Using Chemistry to Sustain our Soil
As resources become more precious through our need for uncontaminated water, productive soils, and sustainable energy sources, we need to find ways to harvest them without harming the environment. When the environment has been compromised with careless or unintentional practices, we need to determine the most effective ways to restore it.
Soils may be one of our most important resources. In agricultural systems, soils can hold water and nutrients until crops need them. As the costs of fertilizers rise and the environmental price of using excess nutrients damages water supplies, the role of the soil to supply nutrients as they are needed and with minimal input from fertilizers becomes paramount. Soils in the Palouse, for example, have abundant stores of potassium, but this essential macronutrient is tied up in minerals that can dissolve too slowly to meet a crop’s requirement. Dr. James Harsh is working with other scientists in soils, geology, and physics to determine the mechanism of potassium weathering from soil minerals and the role of microorganisms in the process. This knowledge will help us to answer the question “What is a healthy soil?” and design management systems that allow efficient and sustainable use of soil nutrients.
Soils also protect the water supply from harmful contaminants. When plutonium was produced at the Hanford Site during World War II, waste materials including radioactive elements, toxic metals, and organic solvents were released to the soils and sediments. The soil is acting as a filter for many of these contaminants, slowing their transport to groundwater and the Columbia River. Dr. Harsh has been working with Dr. Markus Flury, a soil physicist in Crops & Soils, to determine how the interaction of these chemicals with mineral particles determines their mobility. Working with scientists from national laboratories at Hanford, Los Alamos, and Idaho Falls, they recently determined that radioactive cesium could ride “piggyback” on mobile colloidal particles, but was quickly stripped off and fixed by the soils and sediments. As a result, cesium will not reach groundwater before losing most of its radioactivity.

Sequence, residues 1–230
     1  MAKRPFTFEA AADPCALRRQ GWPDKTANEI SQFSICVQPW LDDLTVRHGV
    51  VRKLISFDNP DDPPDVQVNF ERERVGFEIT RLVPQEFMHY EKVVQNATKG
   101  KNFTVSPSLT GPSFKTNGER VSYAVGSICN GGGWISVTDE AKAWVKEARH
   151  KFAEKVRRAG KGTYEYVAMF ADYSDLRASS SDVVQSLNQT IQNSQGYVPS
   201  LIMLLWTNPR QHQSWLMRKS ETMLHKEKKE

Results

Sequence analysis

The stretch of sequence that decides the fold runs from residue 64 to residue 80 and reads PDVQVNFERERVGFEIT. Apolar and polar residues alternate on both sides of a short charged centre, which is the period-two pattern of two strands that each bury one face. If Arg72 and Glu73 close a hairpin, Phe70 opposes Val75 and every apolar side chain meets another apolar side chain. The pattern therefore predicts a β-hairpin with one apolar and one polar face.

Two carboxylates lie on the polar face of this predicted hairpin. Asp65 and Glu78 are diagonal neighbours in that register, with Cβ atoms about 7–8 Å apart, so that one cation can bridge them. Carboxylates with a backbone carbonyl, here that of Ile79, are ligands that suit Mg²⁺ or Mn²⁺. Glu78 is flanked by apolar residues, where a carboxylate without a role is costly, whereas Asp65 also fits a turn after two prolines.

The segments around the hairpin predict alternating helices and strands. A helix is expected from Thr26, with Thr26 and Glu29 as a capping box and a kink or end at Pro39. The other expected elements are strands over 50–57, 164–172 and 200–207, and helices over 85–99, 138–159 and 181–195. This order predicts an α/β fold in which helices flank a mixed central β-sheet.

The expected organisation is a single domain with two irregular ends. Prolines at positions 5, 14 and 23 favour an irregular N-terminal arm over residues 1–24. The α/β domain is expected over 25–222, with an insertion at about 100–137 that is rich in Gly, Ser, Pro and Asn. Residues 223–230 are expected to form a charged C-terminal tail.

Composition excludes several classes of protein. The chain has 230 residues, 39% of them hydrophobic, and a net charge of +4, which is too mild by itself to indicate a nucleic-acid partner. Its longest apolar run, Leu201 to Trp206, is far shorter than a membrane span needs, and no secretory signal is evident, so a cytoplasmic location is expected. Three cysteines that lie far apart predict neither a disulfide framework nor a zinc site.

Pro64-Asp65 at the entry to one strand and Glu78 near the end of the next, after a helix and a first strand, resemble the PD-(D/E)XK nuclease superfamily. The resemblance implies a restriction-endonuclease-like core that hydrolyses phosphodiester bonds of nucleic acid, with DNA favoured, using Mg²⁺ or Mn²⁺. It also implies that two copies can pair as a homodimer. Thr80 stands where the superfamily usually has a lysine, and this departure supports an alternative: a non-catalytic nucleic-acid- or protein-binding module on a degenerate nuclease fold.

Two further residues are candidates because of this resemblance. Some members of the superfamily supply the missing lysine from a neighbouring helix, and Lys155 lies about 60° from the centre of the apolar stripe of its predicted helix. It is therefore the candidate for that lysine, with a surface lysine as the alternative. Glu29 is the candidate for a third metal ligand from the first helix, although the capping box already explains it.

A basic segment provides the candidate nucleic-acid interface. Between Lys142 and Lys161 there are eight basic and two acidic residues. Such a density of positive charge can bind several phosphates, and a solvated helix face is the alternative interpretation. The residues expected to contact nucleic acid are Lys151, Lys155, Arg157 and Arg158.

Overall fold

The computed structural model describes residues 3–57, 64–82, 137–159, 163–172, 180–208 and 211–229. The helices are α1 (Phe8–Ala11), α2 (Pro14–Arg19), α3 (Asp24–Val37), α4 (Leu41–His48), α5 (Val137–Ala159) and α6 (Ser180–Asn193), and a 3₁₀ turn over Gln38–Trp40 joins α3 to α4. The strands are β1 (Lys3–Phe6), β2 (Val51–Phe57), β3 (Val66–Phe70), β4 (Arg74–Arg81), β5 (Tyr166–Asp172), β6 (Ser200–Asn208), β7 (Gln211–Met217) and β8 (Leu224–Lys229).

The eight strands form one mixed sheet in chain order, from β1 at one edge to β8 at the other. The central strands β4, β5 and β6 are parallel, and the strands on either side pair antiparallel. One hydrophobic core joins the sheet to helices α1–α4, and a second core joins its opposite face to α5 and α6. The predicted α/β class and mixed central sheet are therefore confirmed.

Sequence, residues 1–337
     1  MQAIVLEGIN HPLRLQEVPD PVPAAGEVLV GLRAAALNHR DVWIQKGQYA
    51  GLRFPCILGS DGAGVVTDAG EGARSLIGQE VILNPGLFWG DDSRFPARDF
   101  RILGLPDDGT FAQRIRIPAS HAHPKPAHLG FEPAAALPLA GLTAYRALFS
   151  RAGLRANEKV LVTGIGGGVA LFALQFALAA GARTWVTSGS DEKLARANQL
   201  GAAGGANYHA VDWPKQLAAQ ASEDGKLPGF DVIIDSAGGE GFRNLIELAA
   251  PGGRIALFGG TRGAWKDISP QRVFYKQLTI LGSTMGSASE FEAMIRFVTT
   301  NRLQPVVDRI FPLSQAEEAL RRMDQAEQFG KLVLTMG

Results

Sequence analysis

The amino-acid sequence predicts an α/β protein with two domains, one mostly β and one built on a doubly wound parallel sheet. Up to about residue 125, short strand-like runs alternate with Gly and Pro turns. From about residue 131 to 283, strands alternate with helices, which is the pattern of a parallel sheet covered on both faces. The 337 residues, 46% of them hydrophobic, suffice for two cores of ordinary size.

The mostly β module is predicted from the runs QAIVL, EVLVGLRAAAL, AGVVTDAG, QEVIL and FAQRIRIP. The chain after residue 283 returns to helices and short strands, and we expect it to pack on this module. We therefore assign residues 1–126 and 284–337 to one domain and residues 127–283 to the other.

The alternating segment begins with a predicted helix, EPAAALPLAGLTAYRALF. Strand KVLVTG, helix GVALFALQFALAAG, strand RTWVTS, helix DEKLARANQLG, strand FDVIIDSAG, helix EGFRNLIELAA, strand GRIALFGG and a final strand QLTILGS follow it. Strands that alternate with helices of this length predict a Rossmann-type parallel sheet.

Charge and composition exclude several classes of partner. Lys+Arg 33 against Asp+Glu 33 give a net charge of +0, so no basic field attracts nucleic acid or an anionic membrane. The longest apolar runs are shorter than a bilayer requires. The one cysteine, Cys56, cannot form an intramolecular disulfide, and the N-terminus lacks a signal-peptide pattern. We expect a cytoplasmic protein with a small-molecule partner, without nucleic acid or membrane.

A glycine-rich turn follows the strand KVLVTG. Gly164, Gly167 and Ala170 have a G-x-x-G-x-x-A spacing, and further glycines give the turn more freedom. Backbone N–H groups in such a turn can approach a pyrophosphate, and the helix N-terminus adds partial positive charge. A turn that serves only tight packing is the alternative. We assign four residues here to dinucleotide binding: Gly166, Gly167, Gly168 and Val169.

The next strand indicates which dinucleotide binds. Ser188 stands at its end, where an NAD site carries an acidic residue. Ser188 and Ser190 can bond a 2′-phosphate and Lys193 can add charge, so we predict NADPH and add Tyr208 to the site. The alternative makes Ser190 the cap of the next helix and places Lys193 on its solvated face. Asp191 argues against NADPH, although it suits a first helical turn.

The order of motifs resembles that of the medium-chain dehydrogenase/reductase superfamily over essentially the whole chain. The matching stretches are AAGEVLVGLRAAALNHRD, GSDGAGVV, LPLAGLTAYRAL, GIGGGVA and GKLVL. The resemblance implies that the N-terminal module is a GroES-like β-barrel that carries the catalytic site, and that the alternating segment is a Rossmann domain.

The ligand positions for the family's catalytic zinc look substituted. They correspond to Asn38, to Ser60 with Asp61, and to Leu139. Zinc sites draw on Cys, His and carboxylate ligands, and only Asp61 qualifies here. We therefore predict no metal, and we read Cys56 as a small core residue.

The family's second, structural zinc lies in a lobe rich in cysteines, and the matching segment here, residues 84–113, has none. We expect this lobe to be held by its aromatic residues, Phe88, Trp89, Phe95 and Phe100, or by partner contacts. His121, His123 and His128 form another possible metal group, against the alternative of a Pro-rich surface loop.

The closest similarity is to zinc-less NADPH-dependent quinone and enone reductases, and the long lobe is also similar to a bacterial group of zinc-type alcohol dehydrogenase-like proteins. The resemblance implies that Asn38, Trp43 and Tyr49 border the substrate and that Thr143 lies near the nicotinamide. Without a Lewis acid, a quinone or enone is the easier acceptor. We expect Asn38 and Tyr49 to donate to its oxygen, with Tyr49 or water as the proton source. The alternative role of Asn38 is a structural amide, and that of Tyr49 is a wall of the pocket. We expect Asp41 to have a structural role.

James B. Harsh, Ph.D.
Professor / Scientist
Crop and Soil Sciences
Washington State University
PO Box 646420
Johnson Hall 245
Pullman, WA 99164-6420
Dr. Harsh came to WSU in 1983 after earning three degrees from the University of California at Berkeley in conservation of natural resources and soil science. He has always been interested in the interface between agriculture and the natural environment and how we can use chemistry to solve problems of contaminant fate and nutrient availability. A crop sharing arrangement with a family farm in Iowa and a home garden keep him in touch with the land on a practical level. Work with other scientists in physics, biology, geology, and engineering, keep him from looking at the world too narrowly. He has collaboratively published 54 referred journal articles and nine book chapters.